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VIDEO: Pharmacy Direct deploys automated help

Simnikiwe Mzekandaba
By Simnikiwe Mzekandaba, IT in government editor
Johannesburg, 24 May 2024

Since introducing its Riedl automated medicine dispensing system, Pharmacy Direct (PD) has reduced the time taken for chronic meds to reach customers, from five to seven days, to one to two days.

This was revealed during a recent media tour at its Zwartkop headquarters in Centurion.

Founded in 2004, Pharmacy Direct is a subsidiary of JSE-listed group AfroCentric, deliveringprescribed chronic medication to private individuals, medical aid members and beneficiaries of public healthcare sector programmes.

The company distributes chronic medication to 1.2 million of its 3.9 million customer base.

In 2021, PD decided to introduce robotic systems, including Riedl, as part of its medication management processes.

The robots utilise advanced algorithms and precision engineering to dispense medications accurately and efficiently, significantly reducing the risk of medication errors, optimising the storage of medication, improving productivity and reducing the time from script received to receipt of medication, it says.

Through this modernisation effort, the company now processes 180 000 prescriptions a month (on average 9 000 a day) in the private division, with the capability to process up to 16 000 scripts a day, said Ansie van der Merwe, PD principal pharmacist and GM of operations.

According to Van der Merwe, PD is one of the largest distributors of HIV medication in the country, and also distributes specialised medication. “We are a growing business. However, the challenge for us is to not get stuck in the 2000s but move with the times.”

Pharmacy Direct would not divulge exactly how much was spent on the automated system, sourced from Europe, with MD Billy Mokale saying only that it’s a multimillion-rand investment. “It’s a good investment,” he added.

Van der Merwe explained the improvements to the business since the system was introduced: “Our prescription throughput time has been halved, so it’s twice as fast. The total prescription processing time is now within two days, where it was five to seven days before. It is more than 50% improved.”

Mokale noted: “This plays a major role in terms of the contracts that we have. If you have a contract that says delivery needs to be made within five to seven days, we are now not afraid to commit to delivery within 48 hours. There are a lot of efficiencies that have been brought by the automation.”

Some of Pharmacy Direct’s staff members at the Zwartkop headquarters.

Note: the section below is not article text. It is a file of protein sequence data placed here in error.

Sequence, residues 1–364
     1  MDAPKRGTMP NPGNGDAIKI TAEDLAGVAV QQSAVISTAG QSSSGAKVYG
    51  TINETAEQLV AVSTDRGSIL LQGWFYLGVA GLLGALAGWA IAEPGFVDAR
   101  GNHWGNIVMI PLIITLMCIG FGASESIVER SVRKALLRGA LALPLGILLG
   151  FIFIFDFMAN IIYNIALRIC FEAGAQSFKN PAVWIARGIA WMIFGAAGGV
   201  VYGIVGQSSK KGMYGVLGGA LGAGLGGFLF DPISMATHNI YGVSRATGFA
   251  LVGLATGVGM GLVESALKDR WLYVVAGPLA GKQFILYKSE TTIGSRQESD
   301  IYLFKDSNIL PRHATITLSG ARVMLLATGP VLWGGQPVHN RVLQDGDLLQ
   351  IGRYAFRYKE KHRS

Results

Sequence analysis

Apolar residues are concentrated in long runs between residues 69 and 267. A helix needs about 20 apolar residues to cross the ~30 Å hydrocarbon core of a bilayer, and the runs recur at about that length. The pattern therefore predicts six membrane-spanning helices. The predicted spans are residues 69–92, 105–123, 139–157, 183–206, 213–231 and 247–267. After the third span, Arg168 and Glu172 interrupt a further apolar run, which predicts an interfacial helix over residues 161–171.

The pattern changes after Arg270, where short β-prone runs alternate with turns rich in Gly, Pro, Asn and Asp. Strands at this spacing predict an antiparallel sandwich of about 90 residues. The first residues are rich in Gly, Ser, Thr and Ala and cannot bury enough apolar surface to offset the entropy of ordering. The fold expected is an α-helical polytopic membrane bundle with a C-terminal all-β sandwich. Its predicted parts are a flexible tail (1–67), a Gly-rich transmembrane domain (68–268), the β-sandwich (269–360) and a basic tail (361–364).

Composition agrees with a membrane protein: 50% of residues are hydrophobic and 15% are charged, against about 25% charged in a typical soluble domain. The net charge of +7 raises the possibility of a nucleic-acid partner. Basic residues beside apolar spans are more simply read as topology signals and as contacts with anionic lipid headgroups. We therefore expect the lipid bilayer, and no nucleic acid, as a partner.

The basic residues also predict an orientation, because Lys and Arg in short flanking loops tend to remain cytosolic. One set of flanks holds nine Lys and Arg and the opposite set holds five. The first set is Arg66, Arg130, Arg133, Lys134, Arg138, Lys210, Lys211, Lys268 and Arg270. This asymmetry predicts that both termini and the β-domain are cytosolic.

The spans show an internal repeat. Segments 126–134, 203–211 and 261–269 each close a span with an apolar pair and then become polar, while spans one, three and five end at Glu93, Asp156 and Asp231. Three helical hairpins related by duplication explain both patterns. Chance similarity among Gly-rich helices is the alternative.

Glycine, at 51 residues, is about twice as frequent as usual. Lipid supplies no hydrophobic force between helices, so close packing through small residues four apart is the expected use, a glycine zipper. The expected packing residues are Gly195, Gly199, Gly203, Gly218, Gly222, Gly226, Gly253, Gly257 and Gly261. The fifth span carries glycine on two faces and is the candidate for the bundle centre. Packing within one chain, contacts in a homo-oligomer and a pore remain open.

Some of Pharmacy Direct’s staff members at the Zwartkop headquarters.

While there is the automated dispensing element to its operations, the pharmaceutical company still relies on its 385-strong staff contingent, made up of pharmacists, pharmacist assistants, administrative and operational staff members, as well as an in-house courier service.

At its Zwartkop headquarters, it has 96 pharmacists and assistants that handle the prescriptions. It also has a call centre of 60 agents, who deal with customer queries and complaints.

Mokale commented: “Robots do what robots do well, but human beings will always have the final touch. Our professionals make sure every single parcel that leaves the conveyer belts are correct meds, as per the scripts and not expired medication. You will always need that human touch; it’s a hybrid between machine and the human touch.

“We haven’t arrived at a point where we see this automation will result in staff layoffs, especially with our clinicians and driver service.”

Van der Merwe added that bringing in the robotics and automation system took four years of planning, and the company used this time to determine what will be done by the robots and by staff members.

“We are very proud that the implementation of the robots hasn’t resulted in loss of jobs.”

Pharmacy Direct has faced complaints in the past, with some customers taking to online review platform Hello Peter to air their grievances, which tend to be about late delivery of chronic medication, poor communication, duplicate deliveries and other logistical issues.

Mokale acknowledged the company has faced challenges, saying some of these are a result of patients not updating their addresses on the system, the courier service not being able to reach the patient, or patients forgetting to update contact details.

The automated medicine dispensing system has been deployed at the Pharmacy Direct headquarters in Zwartkop, Centurion.
The automated medicine dispensing system has been deployed at the Pharmacy Direct headquarters in Zwartkop, Centurion.